The White House has accused Syria’s Assad regime of a chemical weapons attack on August 21 that killed at least 1,429 people, including at least 426 children. Citing that, the president told the nation he wanted to take action against Syrian military targets: “We cannot and must not turn a blind eye to what happened in Damascus.”

Okay — but how do we then explain turning a blind eye for years to atrocities on far larger scales, inflicted not in war but as a routine matter of state policy, because that’s how the ruler stays on top?

What about a regime that, according to multiple accounts from defectors, has tested chemical weapons on its own women and children? What about a regime responsible for the deaths by politically targeted famine of an estimated million or more? What about a regime operating a gulag to which three generations of a family can be exiled for the suspected political disloyalty of a single member? What about a regime that routinely tortures, starves, and works to death those in its prison camps?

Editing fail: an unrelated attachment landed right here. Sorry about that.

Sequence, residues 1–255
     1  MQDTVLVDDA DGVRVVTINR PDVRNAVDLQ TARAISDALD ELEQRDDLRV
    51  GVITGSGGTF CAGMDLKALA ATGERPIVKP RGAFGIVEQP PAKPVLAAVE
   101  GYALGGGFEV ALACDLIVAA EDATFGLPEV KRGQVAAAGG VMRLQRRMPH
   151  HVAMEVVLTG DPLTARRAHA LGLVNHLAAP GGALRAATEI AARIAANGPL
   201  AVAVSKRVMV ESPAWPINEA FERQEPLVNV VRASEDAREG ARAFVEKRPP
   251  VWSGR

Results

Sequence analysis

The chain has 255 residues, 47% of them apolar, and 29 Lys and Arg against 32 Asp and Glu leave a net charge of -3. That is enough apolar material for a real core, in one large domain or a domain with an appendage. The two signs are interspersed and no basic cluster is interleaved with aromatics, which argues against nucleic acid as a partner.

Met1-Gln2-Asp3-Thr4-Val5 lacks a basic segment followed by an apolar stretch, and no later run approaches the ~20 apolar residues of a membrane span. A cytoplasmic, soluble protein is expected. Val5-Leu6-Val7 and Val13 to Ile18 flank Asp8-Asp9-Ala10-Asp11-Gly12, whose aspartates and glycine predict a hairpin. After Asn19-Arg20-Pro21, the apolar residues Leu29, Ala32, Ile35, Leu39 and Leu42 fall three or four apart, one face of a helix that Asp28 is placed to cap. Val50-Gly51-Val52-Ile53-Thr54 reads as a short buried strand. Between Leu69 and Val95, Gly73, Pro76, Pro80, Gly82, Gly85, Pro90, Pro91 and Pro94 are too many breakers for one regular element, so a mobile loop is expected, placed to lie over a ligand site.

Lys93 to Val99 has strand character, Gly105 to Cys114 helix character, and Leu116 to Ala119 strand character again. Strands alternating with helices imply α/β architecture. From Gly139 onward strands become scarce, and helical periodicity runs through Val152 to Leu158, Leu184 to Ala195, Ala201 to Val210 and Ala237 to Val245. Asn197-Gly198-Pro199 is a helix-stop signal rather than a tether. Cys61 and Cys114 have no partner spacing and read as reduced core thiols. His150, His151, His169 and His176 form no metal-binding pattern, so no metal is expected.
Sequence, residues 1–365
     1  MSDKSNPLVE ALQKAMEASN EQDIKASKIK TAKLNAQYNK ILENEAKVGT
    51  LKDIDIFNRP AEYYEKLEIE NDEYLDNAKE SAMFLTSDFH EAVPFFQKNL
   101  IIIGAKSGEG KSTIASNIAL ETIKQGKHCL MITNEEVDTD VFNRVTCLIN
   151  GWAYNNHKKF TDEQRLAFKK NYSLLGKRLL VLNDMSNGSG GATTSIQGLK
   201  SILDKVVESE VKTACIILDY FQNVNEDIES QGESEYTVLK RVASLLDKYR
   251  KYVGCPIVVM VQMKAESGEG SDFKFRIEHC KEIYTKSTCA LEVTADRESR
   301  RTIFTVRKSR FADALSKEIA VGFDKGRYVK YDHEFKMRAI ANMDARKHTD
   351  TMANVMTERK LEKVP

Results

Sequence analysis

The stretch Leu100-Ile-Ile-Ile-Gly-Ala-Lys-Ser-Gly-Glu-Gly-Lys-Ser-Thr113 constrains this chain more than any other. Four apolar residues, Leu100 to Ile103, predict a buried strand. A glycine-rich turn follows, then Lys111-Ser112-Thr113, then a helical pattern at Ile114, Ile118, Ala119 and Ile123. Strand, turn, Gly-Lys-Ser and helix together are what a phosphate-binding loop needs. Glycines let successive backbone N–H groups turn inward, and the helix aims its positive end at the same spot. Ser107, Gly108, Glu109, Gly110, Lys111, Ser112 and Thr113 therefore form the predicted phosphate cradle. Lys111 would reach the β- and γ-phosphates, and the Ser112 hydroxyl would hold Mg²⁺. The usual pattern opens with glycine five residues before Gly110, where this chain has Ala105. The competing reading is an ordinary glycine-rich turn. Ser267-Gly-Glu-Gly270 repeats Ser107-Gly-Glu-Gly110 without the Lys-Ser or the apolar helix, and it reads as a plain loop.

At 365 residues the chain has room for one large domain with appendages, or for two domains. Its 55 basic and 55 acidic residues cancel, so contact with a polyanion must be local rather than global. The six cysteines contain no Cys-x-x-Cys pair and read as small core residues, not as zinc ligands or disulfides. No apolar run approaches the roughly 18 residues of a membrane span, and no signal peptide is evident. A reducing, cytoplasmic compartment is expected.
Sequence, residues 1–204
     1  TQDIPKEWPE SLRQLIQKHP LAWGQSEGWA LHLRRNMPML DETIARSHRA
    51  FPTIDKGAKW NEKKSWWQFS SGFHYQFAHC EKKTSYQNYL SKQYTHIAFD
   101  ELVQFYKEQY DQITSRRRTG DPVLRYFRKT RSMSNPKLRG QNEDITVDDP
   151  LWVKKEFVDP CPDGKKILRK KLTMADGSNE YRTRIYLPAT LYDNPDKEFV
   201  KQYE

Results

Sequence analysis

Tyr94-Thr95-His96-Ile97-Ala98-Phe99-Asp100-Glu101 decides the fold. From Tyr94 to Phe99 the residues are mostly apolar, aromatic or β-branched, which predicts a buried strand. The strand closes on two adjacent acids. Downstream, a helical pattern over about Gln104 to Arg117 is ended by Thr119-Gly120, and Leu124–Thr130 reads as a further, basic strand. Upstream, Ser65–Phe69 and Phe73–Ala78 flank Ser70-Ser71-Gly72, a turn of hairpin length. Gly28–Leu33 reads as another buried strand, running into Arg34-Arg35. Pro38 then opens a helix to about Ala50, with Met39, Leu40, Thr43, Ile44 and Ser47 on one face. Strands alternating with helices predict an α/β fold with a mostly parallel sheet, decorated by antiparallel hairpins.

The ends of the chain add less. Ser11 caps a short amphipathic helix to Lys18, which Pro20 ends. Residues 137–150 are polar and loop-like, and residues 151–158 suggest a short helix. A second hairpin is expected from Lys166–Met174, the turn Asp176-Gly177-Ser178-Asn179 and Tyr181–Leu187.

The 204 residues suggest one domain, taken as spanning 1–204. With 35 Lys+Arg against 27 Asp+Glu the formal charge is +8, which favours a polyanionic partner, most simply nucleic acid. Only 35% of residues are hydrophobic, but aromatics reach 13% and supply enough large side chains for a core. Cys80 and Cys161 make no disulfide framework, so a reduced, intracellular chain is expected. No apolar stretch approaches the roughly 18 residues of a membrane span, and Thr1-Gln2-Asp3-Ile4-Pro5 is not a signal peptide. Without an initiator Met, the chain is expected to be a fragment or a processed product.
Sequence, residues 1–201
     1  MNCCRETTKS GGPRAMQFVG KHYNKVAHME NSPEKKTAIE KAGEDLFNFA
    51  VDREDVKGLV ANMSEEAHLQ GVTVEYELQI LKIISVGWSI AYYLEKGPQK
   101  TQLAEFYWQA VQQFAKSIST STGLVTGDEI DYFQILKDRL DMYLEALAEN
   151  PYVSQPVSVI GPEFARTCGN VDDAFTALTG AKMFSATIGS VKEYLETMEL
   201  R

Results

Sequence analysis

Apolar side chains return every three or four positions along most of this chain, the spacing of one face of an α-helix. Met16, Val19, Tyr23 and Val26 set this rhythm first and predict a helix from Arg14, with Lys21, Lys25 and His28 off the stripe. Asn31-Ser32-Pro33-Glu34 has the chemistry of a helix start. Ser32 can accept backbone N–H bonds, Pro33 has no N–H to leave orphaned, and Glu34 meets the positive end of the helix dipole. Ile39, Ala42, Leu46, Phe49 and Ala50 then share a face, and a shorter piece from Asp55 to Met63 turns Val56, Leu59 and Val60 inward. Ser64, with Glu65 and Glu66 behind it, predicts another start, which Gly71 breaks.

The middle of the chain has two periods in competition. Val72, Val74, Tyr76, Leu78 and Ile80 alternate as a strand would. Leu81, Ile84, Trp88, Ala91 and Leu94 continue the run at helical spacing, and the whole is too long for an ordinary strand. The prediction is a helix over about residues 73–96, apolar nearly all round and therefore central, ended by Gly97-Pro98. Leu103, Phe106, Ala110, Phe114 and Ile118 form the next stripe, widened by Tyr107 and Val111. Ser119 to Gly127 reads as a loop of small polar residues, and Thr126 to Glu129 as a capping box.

And what if that regime, while starving, torturing, and killing its own people, happens to sustain itself by selling chemical weapons, missiles, and nuclear technology (including an entire clandestine nuclear reactor, a.k.a. a plutonium factory) to the Middle East, including Syria’s regime in Damascus?

What if that regime were testing long-range missiles, and had already conducted three nuclear tests — the most recent just this past February?

Would we target them with … Dennis Rodman?